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 2013 MLB TRIP, Advice needed
Rabscallion
Posted: Apr 20 2012, 05:50 AM


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[QUOTE=Mex_17,Apr 18 2012, 02:37 PM]
[/QUOTE]
Do you usually travel by yourself, Rob?

I'm thinking of taking a trip over and visiting six ballparks on the East Coast next Summer. The thing is, I'll most likely be travelling alone and am a little aprehensive about safety etc. in some of the cities.

In your experience, how expensive is accommodation and where do you find the best deals? I have a friend in Philly so I'm sure I'll have a place to crash there, but everywhere else I'll have to book a hotel. I'll be on placement next year and plan on saving as much as I can, but the less I can spend the better. Also, how often do you stay in each city if you're doing a multi-city trip? [/QUOTE]



Hi Mex,

No I go with 'er indoors but have been to a couple of games on my own. I found Boston and New York to be fine - just stay on the main streets of course. The areas around the ballparks always seem fine to me - lots of people too. If you don't hang around after the game I'd be quite confident.

I'd have no problem going on my own though - i've always ended up chatting to the people around me - they are often fascinated as to why a Brit is into Baseball.

Accommodation wise, as far as NYC goes we stayed on Staten Island to keep the cost down - some pretty cheap B&B's there. You get the Staten Island Ferry to Manhattan - pretty easy and it goes past the Statue of Liberty each day.
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StewartB
Posted: Apr 20 2012, 07:13 PM


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QUOTE (AlexTheBrave)
There is always public transport available to get to games and I always felt safe, as mentioned in a previous reply you just apply the same sense you would in a British city at night.


This.

I always travel alone and have never had any trouble in the cities or at the stadia. I have only ever made one concession which was to not wear my Giants cap to a game in Philadelphia (I was seeing the Mets @ Phillies) There almost certainly wouldn't have been any problem.


AlexTheBrave, re P.T. : not been to see the Texas Rangers play, then? rolleyes.gif I looked into it and decided the only way to do the Rangers was to stay at a hotel within walking distance of the stadium.
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MikeTroutMVP
Posted: Sep 15 2012, 03:56 PM


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I did a road-trip on my own this year, although the slightly odd itinerary was influences by having some friends to visit in various places.

I flew in and out of Boston, and in between flew to Dallas/Fort Worth to catch the Rangers (great ballpark, insanely hot weather) then flew back to Boston to see the Red Sox (worth coughing up for expensive tickets behind home plate, for the experience) then flew to Chicago where I missed the Sox but visited Wrigley Field, and then got the train up to Milwaukee to see the Brewers which was another great ballpark. Quite a few of the bars in the city do free shuttle busses there and back so it makes a night at the ballgame a really great experience - even if the ballpark is in the middle of nowhere.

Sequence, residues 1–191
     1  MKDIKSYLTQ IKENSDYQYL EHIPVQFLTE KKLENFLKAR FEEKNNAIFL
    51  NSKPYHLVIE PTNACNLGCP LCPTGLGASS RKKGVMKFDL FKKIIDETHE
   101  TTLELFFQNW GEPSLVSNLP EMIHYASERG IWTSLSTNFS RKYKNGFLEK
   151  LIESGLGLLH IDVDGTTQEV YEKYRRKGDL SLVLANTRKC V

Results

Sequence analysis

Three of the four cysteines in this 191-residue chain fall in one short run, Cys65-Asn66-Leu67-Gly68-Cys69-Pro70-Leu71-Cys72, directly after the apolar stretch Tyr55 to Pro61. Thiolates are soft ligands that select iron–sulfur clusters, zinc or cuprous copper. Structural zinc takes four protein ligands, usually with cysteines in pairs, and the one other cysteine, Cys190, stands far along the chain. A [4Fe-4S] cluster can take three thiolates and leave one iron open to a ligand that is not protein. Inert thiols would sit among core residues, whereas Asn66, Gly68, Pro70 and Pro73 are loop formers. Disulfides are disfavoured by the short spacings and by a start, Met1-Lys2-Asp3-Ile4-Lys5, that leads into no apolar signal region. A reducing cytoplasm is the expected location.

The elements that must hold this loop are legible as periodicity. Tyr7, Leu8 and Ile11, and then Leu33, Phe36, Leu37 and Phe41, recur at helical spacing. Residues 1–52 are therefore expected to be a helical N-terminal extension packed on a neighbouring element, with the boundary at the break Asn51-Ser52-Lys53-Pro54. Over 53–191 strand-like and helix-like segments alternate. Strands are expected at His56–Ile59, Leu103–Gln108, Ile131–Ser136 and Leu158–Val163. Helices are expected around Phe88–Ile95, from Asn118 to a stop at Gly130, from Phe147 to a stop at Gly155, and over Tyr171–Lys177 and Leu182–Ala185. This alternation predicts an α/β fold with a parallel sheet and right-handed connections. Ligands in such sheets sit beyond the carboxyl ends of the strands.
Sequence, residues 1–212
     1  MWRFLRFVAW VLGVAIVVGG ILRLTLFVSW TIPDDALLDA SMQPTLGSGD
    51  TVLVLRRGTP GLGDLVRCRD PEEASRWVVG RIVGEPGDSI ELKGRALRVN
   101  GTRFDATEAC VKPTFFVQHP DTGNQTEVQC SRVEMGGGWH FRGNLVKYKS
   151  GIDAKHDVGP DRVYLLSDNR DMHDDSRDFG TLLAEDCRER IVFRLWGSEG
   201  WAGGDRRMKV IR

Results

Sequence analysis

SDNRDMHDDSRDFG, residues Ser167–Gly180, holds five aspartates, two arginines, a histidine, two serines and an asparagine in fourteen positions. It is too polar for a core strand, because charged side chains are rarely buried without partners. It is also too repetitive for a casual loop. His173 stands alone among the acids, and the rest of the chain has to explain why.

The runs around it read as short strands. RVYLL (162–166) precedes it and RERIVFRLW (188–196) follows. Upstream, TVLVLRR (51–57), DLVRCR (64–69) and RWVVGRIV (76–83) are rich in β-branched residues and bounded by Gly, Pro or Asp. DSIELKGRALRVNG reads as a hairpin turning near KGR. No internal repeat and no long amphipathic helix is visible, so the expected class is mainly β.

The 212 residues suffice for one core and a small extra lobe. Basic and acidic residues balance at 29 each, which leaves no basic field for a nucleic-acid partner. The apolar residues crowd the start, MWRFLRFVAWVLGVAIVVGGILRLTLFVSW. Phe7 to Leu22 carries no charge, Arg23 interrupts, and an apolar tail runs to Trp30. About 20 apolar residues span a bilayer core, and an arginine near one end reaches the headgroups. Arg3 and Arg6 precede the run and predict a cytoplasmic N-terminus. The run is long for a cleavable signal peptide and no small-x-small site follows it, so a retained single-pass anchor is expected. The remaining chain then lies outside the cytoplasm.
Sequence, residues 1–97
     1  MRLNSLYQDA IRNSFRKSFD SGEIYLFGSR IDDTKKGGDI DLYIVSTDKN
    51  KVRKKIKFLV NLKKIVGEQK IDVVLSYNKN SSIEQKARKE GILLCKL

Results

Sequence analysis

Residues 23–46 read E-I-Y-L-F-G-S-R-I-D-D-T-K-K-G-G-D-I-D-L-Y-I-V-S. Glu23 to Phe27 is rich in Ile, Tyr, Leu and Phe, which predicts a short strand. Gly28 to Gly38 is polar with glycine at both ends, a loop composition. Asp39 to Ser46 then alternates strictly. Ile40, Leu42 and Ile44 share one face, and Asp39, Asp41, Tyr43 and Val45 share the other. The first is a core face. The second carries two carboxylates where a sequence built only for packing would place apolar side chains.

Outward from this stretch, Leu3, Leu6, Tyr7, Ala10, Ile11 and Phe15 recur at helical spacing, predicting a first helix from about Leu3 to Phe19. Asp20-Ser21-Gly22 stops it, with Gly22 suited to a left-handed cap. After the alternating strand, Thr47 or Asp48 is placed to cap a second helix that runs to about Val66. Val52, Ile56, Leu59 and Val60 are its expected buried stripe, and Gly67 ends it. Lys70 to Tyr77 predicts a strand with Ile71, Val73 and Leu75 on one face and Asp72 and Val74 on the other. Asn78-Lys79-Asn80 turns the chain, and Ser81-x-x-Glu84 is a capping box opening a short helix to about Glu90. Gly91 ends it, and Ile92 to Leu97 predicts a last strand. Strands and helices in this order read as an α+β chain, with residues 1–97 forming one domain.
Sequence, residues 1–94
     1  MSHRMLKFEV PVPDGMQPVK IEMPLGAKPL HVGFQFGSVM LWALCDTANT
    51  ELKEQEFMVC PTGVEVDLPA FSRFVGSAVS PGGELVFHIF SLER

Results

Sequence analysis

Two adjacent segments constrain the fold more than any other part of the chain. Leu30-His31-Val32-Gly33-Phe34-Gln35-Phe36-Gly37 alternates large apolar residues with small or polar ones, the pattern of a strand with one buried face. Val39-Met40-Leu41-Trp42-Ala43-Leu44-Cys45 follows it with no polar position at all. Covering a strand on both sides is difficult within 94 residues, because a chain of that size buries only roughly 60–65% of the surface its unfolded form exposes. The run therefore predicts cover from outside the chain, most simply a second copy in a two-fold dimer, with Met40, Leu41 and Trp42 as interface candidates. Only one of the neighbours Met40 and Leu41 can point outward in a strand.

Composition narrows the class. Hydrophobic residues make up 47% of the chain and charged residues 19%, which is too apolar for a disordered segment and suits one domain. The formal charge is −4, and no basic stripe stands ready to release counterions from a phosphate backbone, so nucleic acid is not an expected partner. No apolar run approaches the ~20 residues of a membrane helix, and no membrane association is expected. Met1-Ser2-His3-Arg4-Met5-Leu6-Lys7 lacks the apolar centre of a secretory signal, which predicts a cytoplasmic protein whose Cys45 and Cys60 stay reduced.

All that booked totally separately was prob a lot more expensive than doing packages, but I had a lot to pack in!

As some other posters have mentioned, using NYC or Baltimore as a base to see the Yankees / Mets / O's / Nationals / Phillies would be a great plan - getting tickets direct from the clubs shouldn't be a problem and you can sign up for alerts on mlb.com as to when each team's single game tickets are available. Failing that there's always StubHub although it's easy to pay over the odds for average seats.

I'm about to download 2013's schedule to try to figure out next year's trip. Could be West Coast, could be South - who knows?!

Good luck & happy planning
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StewartB
Posted: Sep 15 2012, 06:10 PM


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QUOTE (MikeTroutMVP @ Sep 15 2012, 04:56 PM)
I did a road-trip on my own this year, although the slightly odd itinerary was influences by having some friends to visit in various places.

I flew in and out of Boston, and in between flew to Dallas/Fort Worth to catch the Rangers (great ballpark, insanely hot weather) then flew back to Boston to see the Red Sox (worth coughing up for expensive tickets behind home plate, for the experience) then flew to Chicago where I missed the Sox but visited Wrigley Field, and then got the train up to Milwaukee to see the Brewers which was another great ballpark. Quite a few of the bars in the city do free shuttle busses there and back so it makes a night at the ballgame a really great experience - even if the ballpark is in the middle of nowhere.

All that booked totally separately was prob a lot more expensive than doing packages, but I had a lot to pack in!

As some other posters have mentioned, using NYC or Baltimore as a base to see the Yankees / Mets / O's / Nationals / Phillies would be a great plan - getting tickets direct from the clubs shouldn't be a problem and you can sign up for alerts on mlb.com as to when each team's single game tickets are available. Failing that there's always StubHub although it's easy to pay over the odds for average seats.

I'm about to download 2013's schedule to try to figure out next year's trip. Could be West Coast, could be South - who knows?!

Good luck & happy planning

That's only slightly odd - I usually try to travel in a east-west fashion and then west-east so that my transatlantic flights are to/from Washington, New York or Boston, with minimal doubling-back. This year I arrived at Washington and I'm leaving from New York.